Our Current US National Interest and Policies in the Middle East

Donald E. Nuechterlein

Donald E. Nuechterlein

Can the United States police the world? Can we identify and act on another country’s national security interests? These are some of the issues addressed by Donald Nuechterlein at this month’s meeting of the Senior Statesmen of Virginia.

Donald E. Nuechterlein grew up in Saginaw, Michigan, and received his undergraduate and PhD degrees in political science from the University of Michigan. He served on active duty in the Navy during World War II and was commissioned in 1945. After the war ended, he served in the U.S. military occupation of Germany, in Bremerhaven and Berlin.

Mr. Nuechterlein had a long career in the federal government, at home and abroad. After joining the State Department in 1952, he served in Washington, D.C. and at U.S. embassies in Reykjavik, Iceland, and Bangkok, Thailand. In 1965 he joined the senior staff, International Security Affairs, in the Office of the Secretary of Defense, as a specialist on Southeast Asia during the Vietnam War. In 1968, he became a founding faculty member of the Federal Executive Institute in Charlottesville and lectured and conducted seminars on U.S. foreign policy. He retired from government service in 1988.

Dr. Nuechterlein has taught U.S. foreign policy both in the United States and abroad, including George Washington University in Washington, D.C., Queen’s University in Canada, the University of Kaiserslautern in Germany, and the University of Virginia, where he taught most recently in 2008. He was a Rockefeller fellow at the University of California, Berkeley (1963-64), a Fulbright scholar at the University College of Wales (1976), visiting faculty member of St. Antony’s College, Oxford (1982-83), and research fellow at the Australian National University in Canberra (1991) During each of these fellowships, he wrote a book on various aspects of U.S. foreign policy.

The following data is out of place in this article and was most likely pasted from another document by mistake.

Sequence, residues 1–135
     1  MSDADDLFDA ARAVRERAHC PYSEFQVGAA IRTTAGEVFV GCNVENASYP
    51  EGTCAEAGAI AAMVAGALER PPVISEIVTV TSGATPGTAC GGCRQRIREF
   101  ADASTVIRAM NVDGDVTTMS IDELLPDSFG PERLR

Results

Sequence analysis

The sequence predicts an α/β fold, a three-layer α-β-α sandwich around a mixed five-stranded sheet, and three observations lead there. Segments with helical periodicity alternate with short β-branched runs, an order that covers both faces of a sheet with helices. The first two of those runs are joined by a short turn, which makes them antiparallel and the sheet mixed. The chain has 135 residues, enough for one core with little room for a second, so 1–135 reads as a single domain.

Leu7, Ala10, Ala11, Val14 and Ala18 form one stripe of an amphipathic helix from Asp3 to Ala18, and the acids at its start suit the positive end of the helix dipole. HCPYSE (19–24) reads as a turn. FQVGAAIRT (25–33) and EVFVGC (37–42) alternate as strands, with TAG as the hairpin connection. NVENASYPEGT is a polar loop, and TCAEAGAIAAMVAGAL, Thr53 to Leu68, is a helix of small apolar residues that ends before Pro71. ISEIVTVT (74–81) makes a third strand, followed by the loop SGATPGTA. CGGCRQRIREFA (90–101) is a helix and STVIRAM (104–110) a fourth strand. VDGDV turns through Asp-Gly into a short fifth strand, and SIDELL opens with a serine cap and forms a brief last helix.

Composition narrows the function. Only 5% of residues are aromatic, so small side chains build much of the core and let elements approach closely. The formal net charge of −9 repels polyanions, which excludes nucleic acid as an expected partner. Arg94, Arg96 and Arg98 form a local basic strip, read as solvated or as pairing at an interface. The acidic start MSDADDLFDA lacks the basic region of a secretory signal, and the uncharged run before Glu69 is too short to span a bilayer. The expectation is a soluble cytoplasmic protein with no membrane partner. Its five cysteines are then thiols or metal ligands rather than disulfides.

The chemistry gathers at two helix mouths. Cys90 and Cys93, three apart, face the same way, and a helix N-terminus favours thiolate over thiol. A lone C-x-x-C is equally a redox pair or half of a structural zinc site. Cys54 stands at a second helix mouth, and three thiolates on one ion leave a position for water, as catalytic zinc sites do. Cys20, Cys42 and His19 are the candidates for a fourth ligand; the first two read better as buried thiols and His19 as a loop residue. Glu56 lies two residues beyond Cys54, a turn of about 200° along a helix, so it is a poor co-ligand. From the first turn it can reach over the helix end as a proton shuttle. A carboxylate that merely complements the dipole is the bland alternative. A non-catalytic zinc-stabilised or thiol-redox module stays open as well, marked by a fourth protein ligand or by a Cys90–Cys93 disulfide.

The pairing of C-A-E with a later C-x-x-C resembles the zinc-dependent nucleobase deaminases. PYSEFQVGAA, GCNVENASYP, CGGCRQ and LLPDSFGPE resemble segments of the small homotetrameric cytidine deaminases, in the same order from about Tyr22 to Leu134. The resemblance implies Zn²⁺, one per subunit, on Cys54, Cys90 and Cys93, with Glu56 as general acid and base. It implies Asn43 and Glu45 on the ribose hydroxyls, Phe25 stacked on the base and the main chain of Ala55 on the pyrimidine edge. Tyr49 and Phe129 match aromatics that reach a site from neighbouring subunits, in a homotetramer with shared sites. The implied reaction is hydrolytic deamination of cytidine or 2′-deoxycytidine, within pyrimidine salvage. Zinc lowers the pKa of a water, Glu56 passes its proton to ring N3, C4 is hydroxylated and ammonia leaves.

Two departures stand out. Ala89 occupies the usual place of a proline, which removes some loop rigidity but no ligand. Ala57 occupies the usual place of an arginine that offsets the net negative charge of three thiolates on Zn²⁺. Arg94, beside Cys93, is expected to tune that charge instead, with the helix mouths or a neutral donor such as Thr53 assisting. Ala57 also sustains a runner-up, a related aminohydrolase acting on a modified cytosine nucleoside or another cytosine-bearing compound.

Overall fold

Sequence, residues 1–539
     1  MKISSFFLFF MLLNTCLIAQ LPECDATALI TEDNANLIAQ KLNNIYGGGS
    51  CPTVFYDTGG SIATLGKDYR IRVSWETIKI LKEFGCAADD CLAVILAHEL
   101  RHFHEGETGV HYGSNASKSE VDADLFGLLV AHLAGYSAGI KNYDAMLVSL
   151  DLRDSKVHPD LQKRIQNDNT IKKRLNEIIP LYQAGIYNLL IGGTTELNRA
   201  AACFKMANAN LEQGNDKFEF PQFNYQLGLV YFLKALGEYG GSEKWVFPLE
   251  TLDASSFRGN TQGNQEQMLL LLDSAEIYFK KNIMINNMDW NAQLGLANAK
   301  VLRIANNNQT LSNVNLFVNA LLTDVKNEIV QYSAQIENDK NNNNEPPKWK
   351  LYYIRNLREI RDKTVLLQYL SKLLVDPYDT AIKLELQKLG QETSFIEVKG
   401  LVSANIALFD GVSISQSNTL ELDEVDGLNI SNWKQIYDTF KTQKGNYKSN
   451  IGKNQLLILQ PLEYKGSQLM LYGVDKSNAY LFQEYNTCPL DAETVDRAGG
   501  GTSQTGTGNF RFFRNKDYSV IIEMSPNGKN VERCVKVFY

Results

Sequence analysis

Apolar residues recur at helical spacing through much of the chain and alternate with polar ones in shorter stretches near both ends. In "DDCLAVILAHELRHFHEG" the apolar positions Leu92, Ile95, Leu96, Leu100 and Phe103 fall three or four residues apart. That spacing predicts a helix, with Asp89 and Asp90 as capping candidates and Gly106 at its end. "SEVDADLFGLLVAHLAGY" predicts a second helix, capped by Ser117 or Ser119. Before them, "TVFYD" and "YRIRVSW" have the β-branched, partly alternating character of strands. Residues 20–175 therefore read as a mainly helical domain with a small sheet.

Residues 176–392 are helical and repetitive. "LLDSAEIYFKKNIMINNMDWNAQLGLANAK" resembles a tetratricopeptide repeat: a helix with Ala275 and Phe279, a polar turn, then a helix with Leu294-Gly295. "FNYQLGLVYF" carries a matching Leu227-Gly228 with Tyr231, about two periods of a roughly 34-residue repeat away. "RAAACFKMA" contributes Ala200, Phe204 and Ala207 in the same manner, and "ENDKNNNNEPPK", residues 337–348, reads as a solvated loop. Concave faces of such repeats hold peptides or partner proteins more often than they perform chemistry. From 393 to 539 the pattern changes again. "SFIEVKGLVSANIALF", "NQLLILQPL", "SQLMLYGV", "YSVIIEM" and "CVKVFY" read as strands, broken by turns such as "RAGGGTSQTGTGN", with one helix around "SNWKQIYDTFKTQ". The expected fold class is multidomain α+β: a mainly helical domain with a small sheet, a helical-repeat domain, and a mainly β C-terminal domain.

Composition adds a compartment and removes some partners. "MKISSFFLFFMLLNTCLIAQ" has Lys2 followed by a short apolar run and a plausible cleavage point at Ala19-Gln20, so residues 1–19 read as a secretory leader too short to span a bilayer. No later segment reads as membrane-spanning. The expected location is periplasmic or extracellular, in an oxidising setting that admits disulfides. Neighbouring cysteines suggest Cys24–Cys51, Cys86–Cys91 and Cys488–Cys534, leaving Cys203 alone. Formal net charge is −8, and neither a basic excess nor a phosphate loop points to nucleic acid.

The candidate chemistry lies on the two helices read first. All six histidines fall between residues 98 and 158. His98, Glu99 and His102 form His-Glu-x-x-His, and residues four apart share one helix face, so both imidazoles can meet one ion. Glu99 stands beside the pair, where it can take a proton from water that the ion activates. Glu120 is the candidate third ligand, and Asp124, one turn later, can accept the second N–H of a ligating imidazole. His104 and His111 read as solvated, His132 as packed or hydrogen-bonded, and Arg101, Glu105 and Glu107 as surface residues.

Don is the author of ten books, the most recent: Defiant Superpower: The New American Hegemony (2005). He writes a monthly commentary on international relations for several Virginia papers, including in Charlottesville, Richmond, Lynchburg, and Roanoke.

Don and his wife, Mildred, have four children and six grandchildren, and reside in Albemarle County near Charlottesville.

Mr. Nuechterlein spoke at the March 9, 2011 meeting of the Senior Statesmen of Virginia. The meeting was held at The Charlottesville Senior Center. Following the presentation, questions were taken from the audience. The program was moderated by SSV board member Sue Liberman.